IDEAS home Printed from https://ideas.repec.org/a/eee/indorg/v38y2015icp32-43.html
   My bibliography  Save this article

The 80/20 rule: Corporate support for innovation by employees

Author

Listed:
  • Krasteva, Silvana
  • Sharma, Priyanka
  • Wagman, Liad

Abstract

We model an employee's decision to pursue an innovative idea at his employing firm (internally) or as a start-up (externally). We characterize an idea by its market profitability and the degree of positive/negative externality that it imposes on the employing firm's profits. The innovation process consists of exploration and development. Exploring an idea internally grants the employee access to exploration support provided by the firm but reduces his appropriability of the idea. We demonstrate that ideas exhibiting weak externalities are explored and developed externally, whereas ideas with strong externalities are explored and handled internally. Moderate externalities are associated with internal exploration but subsequent external development. An increase in the firm's exploration support attracts internal exploration of a wider range of ideas but may increase the likelihood of subsequent external development. We further show that while the optimal level of exploration support rises with the firm's innovation appropriability, overall profits may decline.

Suggested Citation

  • Krasteva, Silvana & Sharma, Priyanka & Wagman, Liad, 2015. "The 80/20 rule: Corporate support for innovation by employees," International Journal of Industrial Organization, Elsevier, vol. 38(C), pages 32-43.
  • Handle: RePEc:eee:indorg:v:38:y:2015:i:c:p:32-43
    DOI: 10.1016/j.ijindorg.2014.11.002
    as

    Download full text from publisher

    File URL: http://www.sciencedirect.com/science/article/pii/S0167718714001209
    Download Restriction: Full text for ScienceDirect subscribers only

    As the access to this document is restricted, you may want to search for a different version of it.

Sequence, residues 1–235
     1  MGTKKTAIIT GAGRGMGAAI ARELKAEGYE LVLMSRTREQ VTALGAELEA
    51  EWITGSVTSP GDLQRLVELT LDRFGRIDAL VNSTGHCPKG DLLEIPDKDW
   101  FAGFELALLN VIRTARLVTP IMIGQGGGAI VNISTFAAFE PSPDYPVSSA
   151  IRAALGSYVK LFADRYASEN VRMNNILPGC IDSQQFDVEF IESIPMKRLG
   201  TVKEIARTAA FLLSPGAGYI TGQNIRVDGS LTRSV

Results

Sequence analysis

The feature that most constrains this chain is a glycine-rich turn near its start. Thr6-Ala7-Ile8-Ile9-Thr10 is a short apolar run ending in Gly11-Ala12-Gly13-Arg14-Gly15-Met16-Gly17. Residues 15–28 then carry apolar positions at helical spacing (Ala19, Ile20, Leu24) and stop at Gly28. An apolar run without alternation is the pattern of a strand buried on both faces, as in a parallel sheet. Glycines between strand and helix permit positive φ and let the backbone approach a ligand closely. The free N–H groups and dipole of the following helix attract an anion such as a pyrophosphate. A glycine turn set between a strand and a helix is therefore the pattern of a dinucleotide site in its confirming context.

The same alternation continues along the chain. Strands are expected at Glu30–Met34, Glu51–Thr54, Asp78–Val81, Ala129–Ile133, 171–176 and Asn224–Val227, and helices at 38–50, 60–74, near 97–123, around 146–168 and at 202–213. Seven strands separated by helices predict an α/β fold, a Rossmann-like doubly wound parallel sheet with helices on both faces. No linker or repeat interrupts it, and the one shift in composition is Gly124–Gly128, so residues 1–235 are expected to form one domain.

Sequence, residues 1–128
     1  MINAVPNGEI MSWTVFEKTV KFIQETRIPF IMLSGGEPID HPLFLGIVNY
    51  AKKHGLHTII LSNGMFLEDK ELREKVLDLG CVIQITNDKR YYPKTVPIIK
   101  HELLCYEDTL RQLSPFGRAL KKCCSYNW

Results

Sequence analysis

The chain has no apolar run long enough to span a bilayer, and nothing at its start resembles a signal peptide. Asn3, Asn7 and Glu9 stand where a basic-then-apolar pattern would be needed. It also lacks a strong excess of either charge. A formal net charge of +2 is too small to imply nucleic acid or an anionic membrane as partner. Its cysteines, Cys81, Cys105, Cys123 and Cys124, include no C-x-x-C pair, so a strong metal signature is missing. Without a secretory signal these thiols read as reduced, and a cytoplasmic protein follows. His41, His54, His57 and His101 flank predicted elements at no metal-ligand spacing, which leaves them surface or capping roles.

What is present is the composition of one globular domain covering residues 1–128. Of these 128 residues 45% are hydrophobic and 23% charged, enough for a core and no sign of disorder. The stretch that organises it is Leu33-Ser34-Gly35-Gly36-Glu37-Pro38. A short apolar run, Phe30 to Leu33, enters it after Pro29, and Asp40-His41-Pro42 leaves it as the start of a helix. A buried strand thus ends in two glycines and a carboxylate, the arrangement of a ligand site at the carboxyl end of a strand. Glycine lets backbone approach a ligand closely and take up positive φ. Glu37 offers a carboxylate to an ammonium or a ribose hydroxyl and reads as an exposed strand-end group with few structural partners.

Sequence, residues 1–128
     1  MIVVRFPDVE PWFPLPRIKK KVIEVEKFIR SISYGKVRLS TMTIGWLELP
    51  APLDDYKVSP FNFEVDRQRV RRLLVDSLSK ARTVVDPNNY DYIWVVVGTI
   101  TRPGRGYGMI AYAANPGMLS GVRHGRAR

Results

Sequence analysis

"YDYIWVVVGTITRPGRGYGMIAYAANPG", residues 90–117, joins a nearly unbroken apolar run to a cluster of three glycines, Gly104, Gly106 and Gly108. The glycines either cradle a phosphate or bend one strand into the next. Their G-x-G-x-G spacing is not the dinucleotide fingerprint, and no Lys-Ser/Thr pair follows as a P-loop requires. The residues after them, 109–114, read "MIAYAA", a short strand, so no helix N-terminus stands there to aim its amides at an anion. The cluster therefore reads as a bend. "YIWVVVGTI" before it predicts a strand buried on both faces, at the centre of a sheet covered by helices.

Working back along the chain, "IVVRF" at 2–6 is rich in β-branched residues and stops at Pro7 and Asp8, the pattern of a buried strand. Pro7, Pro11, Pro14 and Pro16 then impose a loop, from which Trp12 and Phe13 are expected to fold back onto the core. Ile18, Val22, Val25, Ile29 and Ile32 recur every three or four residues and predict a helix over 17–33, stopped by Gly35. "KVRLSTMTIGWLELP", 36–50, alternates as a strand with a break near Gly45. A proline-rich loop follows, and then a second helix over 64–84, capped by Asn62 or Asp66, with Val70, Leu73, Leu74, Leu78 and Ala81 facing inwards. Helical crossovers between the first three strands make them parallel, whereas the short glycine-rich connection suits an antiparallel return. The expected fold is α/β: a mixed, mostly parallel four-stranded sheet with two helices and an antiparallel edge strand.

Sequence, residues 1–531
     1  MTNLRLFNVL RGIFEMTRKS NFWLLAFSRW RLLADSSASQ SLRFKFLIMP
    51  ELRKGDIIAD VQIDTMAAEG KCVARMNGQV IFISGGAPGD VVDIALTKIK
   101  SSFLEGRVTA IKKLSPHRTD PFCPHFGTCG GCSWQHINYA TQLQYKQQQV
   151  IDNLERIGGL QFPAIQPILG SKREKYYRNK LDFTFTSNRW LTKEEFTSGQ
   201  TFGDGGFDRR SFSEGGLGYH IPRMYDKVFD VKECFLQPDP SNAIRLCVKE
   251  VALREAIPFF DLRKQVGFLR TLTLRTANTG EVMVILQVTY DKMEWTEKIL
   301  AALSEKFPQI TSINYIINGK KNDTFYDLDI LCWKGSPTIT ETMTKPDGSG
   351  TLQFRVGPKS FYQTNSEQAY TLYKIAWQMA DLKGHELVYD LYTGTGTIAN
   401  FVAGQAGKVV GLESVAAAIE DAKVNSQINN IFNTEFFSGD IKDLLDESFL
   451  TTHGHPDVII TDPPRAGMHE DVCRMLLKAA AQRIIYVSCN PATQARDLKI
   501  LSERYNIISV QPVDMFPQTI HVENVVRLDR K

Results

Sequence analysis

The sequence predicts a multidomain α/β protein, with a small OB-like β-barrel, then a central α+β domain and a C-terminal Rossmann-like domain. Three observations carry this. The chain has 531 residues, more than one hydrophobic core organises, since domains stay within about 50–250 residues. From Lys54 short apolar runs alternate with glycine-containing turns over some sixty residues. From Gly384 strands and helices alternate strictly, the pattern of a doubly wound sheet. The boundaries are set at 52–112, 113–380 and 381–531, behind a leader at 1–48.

References listed on IDEAS

    as
    1. Gustavo Manso, 2011. "Motivating Innovation," Journal of Finance, American Finance Association, vol. 66(5), pages 1823-1860, October.
    2. Thomas Åstebro & Jing Chen & Peter Thompson, 2011. "Stars and Misfits: Self-Employment and Labor Market Frictions," Management Science, INFORMS, vol. 57(11), pages 1999-2017, November.
    3. Klepper, Steven, 2010. "The origin and growth of industry clusters: The making of Silicon Valley and Detroit," Journal of Urban Economics, Elsevier, vol. 67(1), pages 15-32, January.
    4. Anton, James J & Yao, Dennis A, 1994. "Expropriation and Inventions: Appropriable Rents in the Absence of Property Rights," American Economic Review, American Economic Association, vol. 84(1), pages 190-209, March.
    5. Economides, Nicholas & Salop, Steven C, 1992. "Competition and Integration among Complements, and Network Market Structure," Journal of Industrial Economics, Wiley Blackwell, vol. 40(1), pages 105-123, March.
    6. Gans, Joshua S. & Stern, Scott, 2003. "The product market and the market for "ideas": commercialization strategies for technology entrepreneurs," Research Policy, Elsevier, vol. 32(2), pages 333-350, February.
    7. Christensen, Clayton M., 1993. "The Rigid Disk Drive Industry: A History of Commercial and Technological Turbulence," Business History Review, Cambridge University Press, vol. 67(4), pages 531-588, January.
    8. Roman Inderst & Manuel Klein, 2007. "Innovation, endogenous overinvestment, and incentive pay," RAND Journal of Economics, RAND Corporation, vol. 38(4), pages 881-904, December.
    9. Pakes, Ariel & Nitzan, Shmuel, 1983. "Optimum Contracts for Research Personnel, Research Employment, and the Establishment of "Rival" Enterprises," Journal of Labor Economics, University of Chicago Press, vol. 1(4), pages 345-365, October.
    10. Philippe Aghion & Jean Tirole, 1994. "The Management of Innovation," The Quarterly Journal of Economics, Oxford University Press, vol. 109(4), pages 1185-1209.
    11. Holmstrom, Bengt & Milgrom, Paul, 1991. "Multitask Principal-Agent Analyses: Incentive Contracts, Asset Ownership, and Job Design," Journal of Law, Economics, and Organization, Oxford University Press, vol. 7(0), pages 24-52, Special I.
    12. Bruno Cassiman & Masako Ueda, 2006. "Optimal Project Rejection and New Firm Start-ups," Management Science, INFORMS, vol. 52(2), pages 262-275, February.
    13. Thomas Hellmann & Veikko Thiele, 2011. "Incentives and Innovation: A Multitasking Approach," American Economic Journal: Microeconomics, American Economic Association, vol. 3(1), pages 78-128, February.
    14. Robert Gibbons, 1998. "Incentives in Organizations," Journal of Economic Perspectives, American Economic Association, vol. 12(4), pages 115-132, Fall.
    15. Wesley M. Cohen & Richard R. Nelson & John P. Walsh, 2000. "Protecting Their Intellectual Assets: Appropriability Conditions and Why U.S. Manufacturing Firms Patent (or Not)," NBER Working Papers 7552, National Bureau of Economic Research, Inc.